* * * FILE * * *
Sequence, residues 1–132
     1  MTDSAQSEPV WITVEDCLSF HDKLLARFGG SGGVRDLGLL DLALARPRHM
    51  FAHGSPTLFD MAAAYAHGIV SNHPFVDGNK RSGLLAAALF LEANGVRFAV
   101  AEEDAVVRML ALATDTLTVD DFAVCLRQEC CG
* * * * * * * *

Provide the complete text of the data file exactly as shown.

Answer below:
Sequence, residues 1–132
     1  MTDSAQSEPV WITVEDCLSF HDKLLARFGG SGGVRDLGLL DLALARPRHM
    51  FAHGSPTLFD MAAAYAHGIV SNHPFVDGNK RSGLLAAALF LEANGVRFAV
   101  AEEDAVVRML ALATDTLTVD DFAVCLRQEC CG